VIEWPOINT | Women have contributed to the trade union struggles and ideals

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Today the workers of Guyana commemorate another Labour Day with the traditional march and rally, which were not held for two years, given the pandemic. They will be out there demonstrating support for an organisation that not only played a pivotal role in ensuring rights in the workplace but one that also helped to shape the foundation of modern Guyana.

The trade union movement, going back to the days of Hubert Nathaniel Critchlow, has been the bulwark for the ordinary man and woman. It has created the environment for social, economic, cultural and political rights, and the resultant mobility in the workforce and wider society, which are enshrined in the Constitution and Laws of Guyana.

From time immemorial women have played important roles in the struggles and development of society. Regardless of which position they held, be it at the forefront of their men, alongside their men or behind their men, they have been there achieving industrial and societal change in the development of Guyana. Unfortunately, in many instances they remain unsung heroines of society or relegated to footnotes.

The early trade union movement saw the likes of Jane Phillips-Gay, Janet Jagan, etc., on the frontline. Phillips-Gay and Jagan were among the co-founding leaders of the original People’s Progressive Party.


Phillips-Gay was the defacto trade union woman leader during the 1948 sugar workers struggle on the East Coast of Demerara, and where five were killed by colonial police at Enmore Estate in what has become known as the Enmore Martyrs. Female nurses in Guyana who can serve whilst having a family, this was made possible under Janet Jagan. As British Guiana Minister of Health she removed the colonial barriers that hinder women from entering and remaining in the profession.

The next cadre of female trade union leaders included Agnes Benn-Kirton, Jean Persico, Vivian Surrey, etc. Surrey and Persico were educators in the leadership of the Guyana Teachers Union (GTU), both of whom subsequently became leaders in the Guyana Trades Union Congress (GTUC). Surrey served as secretary of the GTUC Education Committee and spearheaded the trade union’s massive education programme in the 1970s and 1980s. Persico rose to the level of minister within the Ministry of Housing and Labour. Persico was also elected to the GTUC Executive and elected several times as head of the GTUC’s women arm (i.e. the Women’s Advisory Committee).

Benn-Kirton was a trade union advocate for cooperatives and self-help. She was subsequently appointed Parliamentary Secretary in the Ministry of Housing. During this period of her political leadership the trade union, with the support of the Forbes Burnham government, was involved in the nation-wide housing development drive that produced turn-key houses and proper infrastructures such as roads, drainage, lights, water and sewage system for the working class. A housing scheme, on Mandela Avenue in the West Ruimveldt area, is named in her honour for the role she played in housing development.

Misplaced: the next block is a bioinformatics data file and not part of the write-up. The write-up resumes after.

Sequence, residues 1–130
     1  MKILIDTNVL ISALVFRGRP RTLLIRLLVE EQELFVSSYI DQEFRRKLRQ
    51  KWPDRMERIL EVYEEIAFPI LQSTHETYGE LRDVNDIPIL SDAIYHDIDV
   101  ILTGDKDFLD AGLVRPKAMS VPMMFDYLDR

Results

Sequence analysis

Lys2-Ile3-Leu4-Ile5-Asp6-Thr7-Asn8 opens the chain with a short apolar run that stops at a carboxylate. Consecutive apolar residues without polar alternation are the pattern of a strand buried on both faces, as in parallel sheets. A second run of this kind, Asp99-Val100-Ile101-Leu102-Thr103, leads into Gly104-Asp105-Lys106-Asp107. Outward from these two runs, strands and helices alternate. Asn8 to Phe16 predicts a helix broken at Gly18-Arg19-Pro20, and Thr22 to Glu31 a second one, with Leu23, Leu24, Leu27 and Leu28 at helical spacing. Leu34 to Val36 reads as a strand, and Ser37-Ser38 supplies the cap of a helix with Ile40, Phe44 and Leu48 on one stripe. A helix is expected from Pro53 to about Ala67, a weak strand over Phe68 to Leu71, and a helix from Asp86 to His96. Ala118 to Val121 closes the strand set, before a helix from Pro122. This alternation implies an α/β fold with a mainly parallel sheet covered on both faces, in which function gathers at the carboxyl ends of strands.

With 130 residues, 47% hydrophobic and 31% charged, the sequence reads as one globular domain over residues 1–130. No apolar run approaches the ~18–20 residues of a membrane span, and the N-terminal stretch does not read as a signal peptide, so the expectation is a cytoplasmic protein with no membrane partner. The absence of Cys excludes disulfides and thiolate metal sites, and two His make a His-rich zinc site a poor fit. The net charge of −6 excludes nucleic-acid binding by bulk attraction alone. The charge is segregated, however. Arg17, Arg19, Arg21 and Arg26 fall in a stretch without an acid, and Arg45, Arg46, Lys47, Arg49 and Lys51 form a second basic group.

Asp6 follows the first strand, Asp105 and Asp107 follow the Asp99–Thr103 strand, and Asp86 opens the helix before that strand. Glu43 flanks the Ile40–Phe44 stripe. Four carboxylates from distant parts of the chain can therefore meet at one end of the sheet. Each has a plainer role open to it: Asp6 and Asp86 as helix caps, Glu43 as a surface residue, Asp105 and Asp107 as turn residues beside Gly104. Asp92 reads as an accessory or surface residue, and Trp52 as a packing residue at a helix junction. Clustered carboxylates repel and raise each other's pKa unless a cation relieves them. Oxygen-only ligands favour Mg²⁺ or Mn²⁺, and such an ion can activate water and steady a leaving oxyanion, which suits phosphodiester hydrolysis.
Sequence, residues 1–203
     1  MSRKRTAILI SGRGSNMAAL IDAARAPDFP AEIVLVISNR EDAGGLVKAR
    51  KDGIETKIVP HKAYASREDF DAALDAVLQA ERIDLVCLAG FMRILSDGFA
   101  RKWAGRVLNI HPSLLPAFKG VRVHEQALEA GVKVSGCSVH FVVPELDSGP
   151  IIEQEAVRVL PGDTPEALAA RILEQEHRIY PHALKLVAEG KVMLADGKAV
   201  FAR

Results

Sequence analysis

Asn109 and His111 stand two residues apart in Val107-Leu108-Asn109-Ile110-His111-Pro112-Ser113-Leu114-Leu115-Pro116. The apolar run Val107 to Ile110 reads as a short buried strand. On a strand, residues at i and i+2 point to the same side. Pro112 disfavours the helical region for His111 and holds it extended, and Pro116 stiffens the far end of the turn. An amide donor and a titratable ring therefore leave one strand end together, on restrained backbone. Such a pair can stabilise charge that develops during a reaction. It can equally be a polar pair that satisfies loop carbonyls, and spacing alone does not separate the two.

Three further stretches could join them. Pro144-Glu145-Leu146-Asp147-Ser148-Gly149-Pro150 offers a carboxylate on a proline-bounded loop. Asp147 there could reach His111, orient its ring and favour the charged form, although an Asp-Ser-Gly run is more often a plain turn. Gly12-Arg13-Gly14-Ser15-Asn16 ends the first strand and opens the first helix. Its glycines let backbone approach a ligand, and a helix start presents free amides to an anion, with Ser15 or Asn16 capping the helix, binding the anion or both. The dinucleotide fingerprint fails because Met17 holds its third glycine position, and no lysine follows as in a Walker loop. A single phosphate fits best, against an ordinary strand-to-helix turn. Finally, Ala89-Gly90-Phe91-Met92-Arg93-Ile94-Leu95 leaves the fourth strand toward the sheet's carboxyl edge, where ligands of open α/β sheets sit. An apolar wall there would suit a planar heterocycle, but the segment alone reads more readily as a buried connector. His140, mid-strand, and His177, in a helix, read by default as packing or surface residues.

The next generation was Avril Crawford who was elected President of the GTU. In the Guyana Public Service Union (GPSU) Attorneys-at-law Susan Moore and Chandrawattie Persaud were elected General Secretary. Moore was one of the leaders in the 1995 strike for increased wages and salary in the public service.

There were women who led at their unions and at national levels. Jean Schmidt, President of the Union of Agriculture and Allied Workers, was also elected Vice President, Assistant Secretary and Committee Member of the GTUC. Maureen Walcott was elected President of the Guyana Postal and Telecommunications Workers Union (GPTWU). She fired up the GPTWU and led several protests for improved working conditions. Gillian Burton Persaud was also elected President of the GPTWU and was first elected female President of the GTUC.

The prominent incumbent women leaders are Eslyn Harris, General Secretary, GPTWU, and Principal Assistant Secretary, GTUC. Her trade union colleagues define her as a shrewd negotiator. Under her belt the Judiciary- after years of struggle with successive governments to uphold a right- ruled former GT&T workers were entitled to receive their pension. She was also part of a team that recently inked a Collective Labour Agreement with GT&T which includes improved working conditions.

Corretta McDonald was recently elected General Secretary of the GTU, is the incumbent President of the GTUC and Member of Parliament in the A Partnership for National Unity and Alliance For Change (APNU+AFC) coalition. She has led teachers in many protest actions for improved working conditions, such as salary and non-salary benefits, safety and health for teachers and their guardians during the pandemic.

Women have contributed to the trade union struggles and ideals for improved working conditions, respect for their labour, real wages/salaries , safety and health; and at the national level for improved standard of living through better infrastructures, education, health, economy, governance, amongst others.

To our female trade unionists, from two sisters, we encourage and support you in your various roles. We recognise and applaud you, whether named or unnamed, because it takes strength and determination to be counted amongst the warriors for equality, justice and development. Most importantly, what is a society without its women? Onward, Upward, May Women Ever Go!

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